Although the market is growing in 2021-22, a full recovery in the residential realty sector is expected only in 2024, ratings agency Crisil said today. According to it, the country’s housing market is expected to grow by 5-10 per cent in the current fiscal year.
“Improved affordability and continuing work-from-home will increase demand for residences in India’s top six cities this fiscal. But two of these–Mumbai and Pune–could see demand contracting due to the higher base of last fiscal, while the rest should see a rebound on a low base. However, absolute demand will catch up with pre-pandemic levels only after fiscal 2023,” Crisil noted.
In FY22, while the overall housing demand may remain subdued due to the second Covid wave, market sentiments is expected to improve steadily, in line with the recovery last year, from October-onwards. Further, the ongoing pandemic and its economic fallout will help larger developers grow faster now – leading to consolidation in the real estate market. “Established developers with well-managed balance sheets would grow faster than the industry, consolidate their presence, and sustain their credit profiles”, it said.
Incidentally, since FY2017 share of listed realty players have grown from 6 per cent to 22 per cent by end-FY2021 in the housing market, data from Anarock shows.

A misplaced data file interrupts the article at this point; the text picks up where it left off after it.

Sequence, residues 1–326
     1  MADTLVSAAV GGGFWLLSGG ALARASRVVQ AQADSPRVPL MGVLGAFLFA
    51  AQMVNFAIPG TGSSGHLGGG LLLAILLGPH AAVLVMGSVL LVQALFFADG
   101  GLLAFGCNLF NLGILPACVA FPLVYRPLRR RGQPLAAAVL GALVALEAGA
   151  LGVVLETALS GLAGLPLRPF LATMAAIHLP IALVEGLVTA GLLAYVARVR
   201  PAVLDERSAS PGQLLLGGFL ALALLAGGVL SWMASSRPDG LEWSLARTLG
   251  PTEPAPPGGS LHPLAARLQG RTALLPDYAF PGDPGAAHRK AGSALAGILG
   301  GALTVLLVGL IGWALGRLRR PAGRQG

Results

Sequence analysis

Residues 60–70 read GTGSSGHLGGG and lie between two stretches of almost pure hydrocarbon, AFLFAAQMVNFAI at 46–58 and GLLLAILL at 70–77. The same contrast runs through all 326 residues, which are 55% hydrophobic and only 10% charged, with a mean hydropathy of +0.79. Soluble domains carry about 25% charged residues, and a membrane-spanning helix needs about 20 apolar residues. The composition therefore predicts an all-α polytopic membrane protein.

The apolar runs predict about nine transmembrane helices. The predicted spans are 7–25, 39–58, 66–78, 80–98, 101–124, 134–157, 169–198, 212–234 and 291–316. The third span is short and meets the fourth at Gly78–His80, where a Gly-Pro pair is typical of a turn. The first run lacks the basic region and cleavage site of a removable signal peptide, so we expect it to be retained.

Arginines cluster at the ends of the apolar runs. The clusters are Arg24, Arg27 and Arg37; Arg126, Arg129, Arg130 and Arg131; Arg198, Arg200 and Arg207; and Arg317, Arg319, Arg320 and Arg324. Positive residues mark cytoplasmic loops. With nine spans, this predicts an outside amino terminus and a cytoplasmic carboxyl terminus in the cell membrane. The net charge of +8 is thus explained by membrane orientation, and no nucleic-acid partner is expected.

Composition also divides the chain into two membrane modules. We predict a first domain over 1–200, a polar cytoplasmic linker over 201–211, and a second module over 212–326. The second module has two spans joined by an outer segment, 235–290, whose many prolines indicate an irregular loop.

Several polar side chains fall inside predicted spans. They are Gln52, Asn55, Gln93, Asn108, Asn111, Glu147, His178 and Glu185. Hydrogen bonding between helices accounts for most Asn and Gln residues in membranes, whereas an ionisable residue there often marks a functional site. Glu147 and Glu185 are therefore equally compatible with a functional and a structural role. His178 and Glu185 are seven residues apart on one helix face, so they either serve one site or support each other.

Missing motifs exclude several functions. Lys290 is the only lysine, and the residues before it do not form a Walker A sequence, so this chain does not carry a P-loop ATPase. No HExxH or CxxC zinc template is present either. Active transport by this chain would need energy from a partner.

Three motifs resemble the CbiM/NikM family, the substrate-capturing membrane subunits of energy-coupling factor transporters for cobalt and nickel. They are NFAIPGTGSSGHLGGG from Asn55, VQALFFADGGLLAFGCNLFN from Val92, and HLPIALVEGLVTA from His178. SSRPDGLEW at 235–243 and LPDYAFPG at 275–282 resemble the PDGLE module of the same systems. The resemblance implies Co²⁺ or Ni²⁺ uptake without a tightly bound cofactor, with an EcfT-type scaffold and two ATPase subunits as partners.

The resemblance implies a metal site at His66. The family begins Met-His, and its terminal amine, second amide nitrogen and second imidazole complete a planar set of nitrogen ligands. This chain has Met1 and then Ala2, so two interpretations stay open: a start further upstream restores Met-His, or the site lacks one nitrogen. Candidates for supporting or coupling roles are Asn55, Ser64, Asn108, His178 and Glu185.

According to Isha Chaudhary, director at Crisil Research, “Demand in Bengaluru, Hyderabad, the National Capital Region and Kolkata is set to rise 40-45 per cent this fiscal after plunging 25-45 per cent last fiscal, propelled by better affordability and lower base.
Crisil’s analyses show established developers that have been prudent in decision making, have well-managed balance sheets and comfortable debt-to-total assets ratio of below 30 per cent. Further, they are also better prepared in terms of liquidity. Between 2016 and 2021, these real estate players have raised close to Rs 44,000 crore via equity, and land and commercial assets monetisation. “The improved financials will come in handy to tackle stress from the second wave, meet growth needs and keep their credit profiles stable”, it noted.
Its estimates now suggest a slowdown in new launches in the current fiscal year as developers will focus on sale of ready or near-complete properties, leading to a gradual reduction in inventory.